NASA shares stunning image of Blue Ripples on Mars, reveals wind mystery

NASA has shared a unique image of the surface of Mars with blue ripples all over it. The image reveals the secret behind winds on the red planet.

On Monday, July 25, NASA shared a stunning Mars image. It displayed the surface of the red planet with sand dunes that form small hilly crests. However, the top of the crests were covered in a blue colour, giving it an appearance of blue ripples moving over the sand dunes of Mars. The space agency revealed that the blue tinge did not come naturally in the Mars photo. NASA says the colour was added by it. But it was not added as a fancy filter to make the image look cool. There is an important scientific reason behind it. Scientists have been studying the wind movements on the red planet and this photo elaborates on how the wind systems work there. Read on to know the secrets of the wind revealed by this Mars photo.

It should be noted that just a month ago, the NASA Mars Rover reported dust carrying whirlwinds known as dust devils on Mars. It was an intriguing find that such dust storms not only got as large as 4 square kilometers, but also occurred multiple times a day. Now, expanding upon its knowledge of the wind system on the red planet, NASA researchers decided to use these blue ripples to understand how the wind moves.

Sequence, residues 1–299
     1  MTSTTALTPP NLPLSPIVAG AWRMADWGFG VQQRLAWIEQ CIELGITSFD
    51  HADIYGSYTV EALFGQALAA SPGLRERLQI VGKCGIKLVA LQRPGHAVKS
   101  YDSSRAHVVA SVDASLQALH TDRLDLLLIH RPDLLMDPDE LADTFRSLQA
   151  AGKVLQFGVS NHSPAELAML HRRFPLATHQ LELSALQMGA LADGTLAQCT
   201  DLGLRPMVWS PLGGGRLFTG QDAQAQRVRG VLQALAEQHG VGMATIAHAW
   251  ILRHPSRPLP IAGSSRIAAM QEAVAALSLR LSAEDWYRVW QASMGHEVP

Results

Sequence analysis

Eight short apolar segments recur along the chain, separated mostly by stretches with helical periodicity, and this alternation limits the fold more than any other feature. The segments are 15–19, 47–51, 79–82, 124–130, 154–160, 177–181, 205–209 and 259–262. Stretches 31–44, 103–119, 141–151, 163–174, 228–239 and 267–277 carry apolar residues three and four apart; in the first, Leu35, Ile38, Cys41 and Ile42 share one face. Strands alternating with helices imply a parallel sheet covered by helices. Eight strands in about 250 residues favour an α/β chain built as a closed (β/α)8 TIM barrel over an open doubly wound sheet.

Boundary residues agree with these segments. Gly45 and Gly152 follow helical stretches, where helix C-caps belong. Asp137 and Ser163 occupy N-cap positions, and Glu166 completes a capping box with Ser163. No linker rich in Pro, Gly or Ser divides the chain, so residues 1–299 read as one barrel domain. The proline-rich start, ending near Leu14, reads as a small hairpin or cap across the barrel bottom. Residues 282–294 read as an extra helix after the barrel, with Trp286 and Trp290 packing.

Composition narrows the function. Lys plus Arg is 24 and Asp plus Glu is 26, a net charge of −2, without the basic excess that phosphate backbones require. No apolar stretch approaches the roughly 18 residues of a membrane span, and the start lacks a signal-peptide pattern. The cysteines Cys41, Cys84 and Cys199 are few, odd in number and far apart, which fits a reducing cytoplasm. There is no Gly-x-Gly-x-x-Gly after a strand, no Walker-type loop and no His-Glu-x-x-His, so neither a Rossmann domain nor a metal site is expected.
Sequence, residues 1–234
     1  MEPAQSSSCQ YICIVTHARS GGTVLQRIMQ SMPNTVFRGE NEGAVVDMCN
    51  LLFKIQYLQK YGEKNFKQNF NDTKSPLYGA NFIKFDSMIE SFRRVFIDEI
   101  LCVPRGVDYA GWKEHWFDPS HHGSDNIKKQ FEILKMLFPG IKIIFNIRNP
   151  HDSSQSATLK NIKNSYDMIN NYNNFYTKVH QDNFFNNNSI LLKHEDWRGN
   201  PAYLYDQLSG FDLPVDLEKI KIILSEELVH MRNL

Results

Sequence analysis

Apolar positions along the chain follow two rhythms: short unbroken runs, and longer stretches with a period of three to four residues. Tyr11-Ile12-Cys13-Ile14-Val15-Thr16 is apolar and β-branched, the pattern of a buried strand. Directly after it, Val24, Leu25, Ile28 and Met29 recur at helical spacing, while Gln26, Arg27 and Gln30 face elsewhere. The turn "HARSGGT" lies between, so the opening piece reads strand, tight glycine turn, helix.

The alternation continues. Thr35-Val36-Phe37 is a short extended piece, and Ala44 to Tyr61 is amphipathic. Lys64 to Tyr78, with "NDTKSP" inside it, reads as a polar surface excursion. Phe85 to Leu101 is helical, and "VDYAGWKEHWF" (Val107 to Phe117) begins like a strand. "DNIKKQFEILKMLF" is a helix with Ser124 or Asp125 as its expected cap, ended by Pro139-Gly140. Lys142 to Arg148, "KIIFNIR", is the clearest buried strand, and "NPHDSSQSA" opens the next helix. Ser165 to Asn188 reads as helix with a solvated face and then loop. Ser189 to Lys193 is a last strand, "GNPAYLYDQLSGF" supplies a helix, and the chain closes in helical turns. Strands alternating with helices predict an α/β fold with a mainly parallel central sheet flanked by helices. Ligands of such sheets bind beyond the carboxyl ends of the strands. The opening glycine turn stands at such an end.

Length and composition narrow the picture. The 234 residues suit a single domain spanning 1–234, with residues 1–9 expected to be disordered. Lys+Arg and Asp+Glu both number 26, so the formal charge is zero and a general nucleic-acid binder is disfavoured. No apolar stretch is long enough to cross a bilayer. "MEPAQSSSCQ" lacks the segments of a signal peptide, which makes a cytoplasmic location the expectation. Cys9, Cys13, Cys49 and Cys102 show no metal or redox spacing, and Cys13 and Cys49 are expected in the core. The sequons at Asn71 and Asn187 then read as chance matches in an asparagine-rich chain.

NASA shares Mars image with blue ripples

The image was taken near the center of Gamboa Crater. It explained in the post accompanying the image, “There are tiny ripples on the tops of the dunes, only several feet from crest-to-crest. These merge into larger mega-ripples about 30 feet apart that radiate outward from the dunes. The larger, brighter formations that are roughly parallel are called “Transverse Aeolian Ridges” (TAR). These TAR are covered with very coarse sand”.

The TAR explains the wind feature of the planet. On the right side the ripples appear in blue-green color while on the left side, it appears in bright blue. This happens because the wind is blowing faster on the left side of the image and the TAR appears in bright color. On the right side, the slower moving wind gives it an ocean green color.

“All of these different features can indicate which way the wind was blowing when they formed. Being able to study such variety so close together allows us to see their relationships and compare and contrast features to examine what they are made of and how they formed,” the NASA post added.

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